LOS ANGELES — A federal judge tentatively found the city of Los Angeles in contempt of court yesterday for violating an injunction by issuing citations against a company that erects enormous outdoor-advertising signs.
U.S. District Judge Audrey B. Collins, in a written tentative decision, said the city would have to rescind citations it issued against World Wide Rush LLC for its massive signs draped across two buildings within 10 days and pay the company's legal fees, which are expected to be around $100,000.
Collins noted that World Wide Rush was cited for hanging signs without permits, although the city had refused to issue permits, citing a ban on so-called supergraphics.
She ruled city officials had no right to withhold permits or issue citations because of the August injunction, which was enacted after World Wide Rush argued that exceptions to the supergraphics ban made it unconstitutional.
Collins did not dismiss fire-code violations issued against World Wide Rush, but ordered fire officials to instruct the company how to comply with safety regulations.
City officials have been trying to halt the proliferation of giant advertising signage that critics say distracts drivers and creates ugly streetscapes.
A temporary ban on new signs was passed by the City Council in December to give city planners time to devise new regulations after World Wide Rush successfully challenged a previous, more selective ban on supergraphics.
The company argued that exceptions to the ban gave city officials too much discretion in deciding whether to allow signage, raising free-speech concerns. That argument led to the injunction.
Despite that decision, World Wide Rush was cited for a series of billboards that were hung on two buildings on prominent thoroughfares. The signs included a massive graphic advertising the "Dr. Phil" TV program that was removed prematurely at the show's request following a wave of publicity.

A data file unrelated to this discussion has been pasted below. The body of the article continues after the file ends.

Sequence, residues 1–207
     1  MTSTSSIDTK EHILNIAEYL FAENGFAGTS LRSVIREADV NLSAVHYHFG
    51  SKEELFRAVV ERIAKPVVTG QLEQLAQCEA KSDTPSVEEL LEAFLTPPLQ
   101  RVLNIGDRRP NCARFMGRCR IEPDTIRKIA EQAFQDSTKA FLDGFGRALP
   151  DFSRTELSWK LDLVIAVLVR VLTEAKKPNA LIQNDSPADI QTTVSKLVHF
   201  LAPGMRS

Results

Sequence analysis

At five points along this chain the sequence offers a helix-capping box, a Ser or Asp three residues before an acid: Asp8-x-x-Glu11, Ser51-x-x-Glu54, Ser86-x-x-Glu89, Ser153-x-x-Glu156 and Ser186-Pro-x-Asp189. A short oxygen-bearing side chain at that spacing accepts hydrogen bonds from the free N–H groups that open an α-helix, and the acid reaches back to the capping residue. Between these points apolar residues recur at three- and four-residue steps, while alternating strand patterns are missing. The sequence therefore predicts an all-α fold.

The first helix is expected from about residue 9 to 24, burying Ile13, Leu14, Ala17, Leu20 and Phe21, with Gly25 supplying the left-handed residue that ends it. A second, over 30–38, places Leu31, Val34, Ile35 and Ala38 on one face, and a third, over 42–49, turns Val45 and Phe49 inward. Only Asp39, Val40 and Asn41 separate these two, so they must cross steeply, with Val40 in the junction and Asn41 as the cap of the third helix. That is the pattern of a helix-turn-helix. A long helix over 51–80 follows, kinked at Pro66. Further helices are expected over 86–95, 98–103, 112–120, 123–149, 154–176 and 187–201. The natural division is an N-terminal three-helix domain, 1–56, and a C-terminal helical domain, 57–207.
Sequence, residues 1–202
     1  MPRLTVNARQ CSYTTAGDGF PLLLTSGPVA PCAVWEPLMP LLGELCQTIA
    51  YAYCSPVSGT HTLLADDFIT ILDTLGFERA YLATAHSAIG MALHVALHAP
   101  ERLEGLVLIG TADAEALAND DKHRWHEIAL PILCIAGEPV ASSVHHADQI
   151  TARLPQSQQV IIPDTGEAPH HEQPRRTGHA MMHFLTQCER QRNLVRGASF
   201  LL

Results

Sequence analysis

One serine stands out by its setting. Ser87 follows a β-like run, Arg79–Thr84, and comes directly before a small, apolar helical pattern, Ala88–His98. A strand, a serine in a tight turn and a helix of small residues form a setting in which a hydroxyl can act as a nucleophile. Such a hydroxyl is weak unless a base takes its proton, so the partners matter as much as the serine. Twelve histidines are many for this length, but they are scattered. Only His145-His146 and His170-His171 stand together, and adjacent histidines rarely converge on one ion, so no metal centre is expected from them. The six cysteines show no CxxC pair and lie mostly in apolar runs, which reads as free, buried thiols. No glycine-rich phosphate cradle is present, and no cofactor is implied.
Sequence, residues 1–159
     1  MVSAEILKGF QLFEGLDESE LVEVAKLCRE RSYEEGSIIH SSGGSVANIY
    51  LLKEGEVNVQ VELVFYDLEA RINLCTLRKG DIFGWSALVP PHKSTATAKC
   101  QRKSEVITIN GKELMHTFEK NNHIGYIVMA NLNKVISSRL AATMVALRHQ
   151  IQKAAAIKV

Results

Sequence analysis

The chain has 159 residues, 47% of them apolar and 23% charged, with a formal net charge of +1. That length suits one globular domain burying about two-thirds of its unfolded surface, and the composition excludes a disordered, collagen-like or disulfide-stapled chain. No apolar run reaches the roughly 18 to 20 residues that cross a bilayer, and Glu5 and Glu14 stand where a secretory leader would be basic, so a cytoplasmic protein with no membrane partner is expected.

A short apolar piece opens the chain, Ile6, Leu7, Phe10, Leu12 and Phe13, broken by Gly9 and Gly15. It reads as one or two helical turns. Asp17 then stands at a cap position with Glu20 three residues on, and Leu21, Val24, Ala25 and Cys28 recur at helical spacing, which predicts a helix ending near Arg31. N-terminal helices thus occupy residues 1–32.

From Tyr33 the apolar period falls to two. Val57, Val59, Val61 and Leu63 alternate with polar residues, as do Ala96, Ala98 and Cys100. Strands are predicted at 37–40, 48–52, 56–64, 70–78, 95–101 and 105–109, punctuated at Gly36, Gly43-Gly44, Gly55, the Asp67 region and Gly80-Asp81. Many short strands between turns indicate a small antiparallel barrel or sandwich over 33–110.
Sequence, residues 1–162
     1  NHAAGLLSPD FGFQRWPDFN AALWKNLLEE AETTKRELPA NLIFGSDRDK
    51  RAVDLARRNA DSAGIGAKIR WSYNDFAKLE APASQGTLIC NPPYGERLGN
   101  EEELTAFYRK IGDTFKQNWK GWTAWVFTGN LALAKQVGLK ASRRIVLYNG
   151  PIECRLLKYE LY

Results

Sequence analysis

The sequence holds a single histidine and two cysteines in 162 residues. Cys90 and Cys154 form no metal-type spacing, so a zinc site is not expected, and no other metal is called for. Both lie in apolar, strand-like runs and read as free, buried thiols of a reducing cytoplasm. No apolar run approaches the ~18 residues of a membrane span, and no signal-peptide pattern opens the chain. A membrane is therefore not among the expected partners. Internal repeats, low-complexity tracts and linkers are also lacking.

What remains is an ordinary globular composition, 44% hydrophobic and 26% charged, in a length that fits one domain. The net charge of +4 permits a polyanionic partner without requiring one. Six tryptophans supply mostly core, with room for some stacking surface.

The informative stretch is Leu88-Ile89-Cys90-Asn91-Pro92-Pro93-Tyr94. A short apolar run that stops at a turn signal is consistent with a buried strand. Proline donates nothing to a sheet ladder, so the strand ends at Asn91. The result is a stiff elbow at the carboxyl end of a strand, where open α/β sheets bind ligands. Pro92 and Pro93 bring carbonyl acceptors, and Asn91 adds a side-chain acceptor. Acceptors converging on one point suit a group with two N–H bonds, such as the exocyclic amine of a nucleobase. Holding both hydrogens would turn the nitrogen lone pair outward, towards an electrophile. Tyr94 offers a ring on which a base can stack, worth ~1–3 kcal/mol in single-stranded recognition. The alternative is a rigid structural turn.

World Wide Rush attorney Paul E. Fisher said the contempt decision cleared the way for signs to remain on 19 locations mentioned in the original injunction and that the company would likely sue the city over 48 additional sites for which permits were declined.
"Essentially, the city engaged in a subterfuge," Fisher said. "They created a fair amount of public concern and outrage that there was someone who for the sake of money was endangering public safety and these things are not true."
City attorney spokesman Nick Velasquez declined comment yesterday, citing the ongoing litigation.
Fisher also ruled on claims filed by other billboard companies against the city, including a request by billboard entrepreneur Mike McNeilly, whose Statue of Liberty murals hang over dozens of buildings across the city.
McNeilly asked that the city be prohibited from interfering with signs on 118 buildings he claimed had signs before the temporary moratorium on all new billboards and supergraphics went into effect in December.
Presented with photos showing no supergraphics on most of the buildings, Fisher declined McNeilley's request, limiting his claim to 33 signs. She asked his company, Sky Tag Inc., to file a new brief within seven days focusing on just those signs.
McNeilly's lawyer, Gary Mobley, said he was disappointed that the bulk of his client's sign claims were denied, but he was encouraged by the overall tenor of Fisher's ruling toward the city's enforcement policy.
"My client still has somewhere in the neighborhood of 33 signs," he said. "It would seem from the rest of her ruling that she will look favorably on keeping the city from using its current enforcement tactics against those signs."
The temporary ban on new signs is scheduled to last until mid-May.